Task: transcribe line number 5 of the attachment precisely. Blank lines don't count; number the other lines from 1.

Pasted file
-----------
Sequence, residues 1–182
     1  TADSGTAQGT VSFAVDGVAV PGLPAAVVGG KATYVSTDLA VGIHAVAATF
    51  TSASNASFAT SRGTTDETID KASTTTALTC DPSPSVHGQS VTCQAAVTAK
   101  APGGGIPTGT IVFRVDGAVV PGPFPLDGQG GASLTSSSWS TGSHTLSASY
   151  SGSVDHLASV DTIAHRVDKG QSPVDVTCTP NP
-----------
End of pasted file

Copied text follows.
   151  SGSVDHLASV DTIAHRVDKG QSPVDVTCTP NP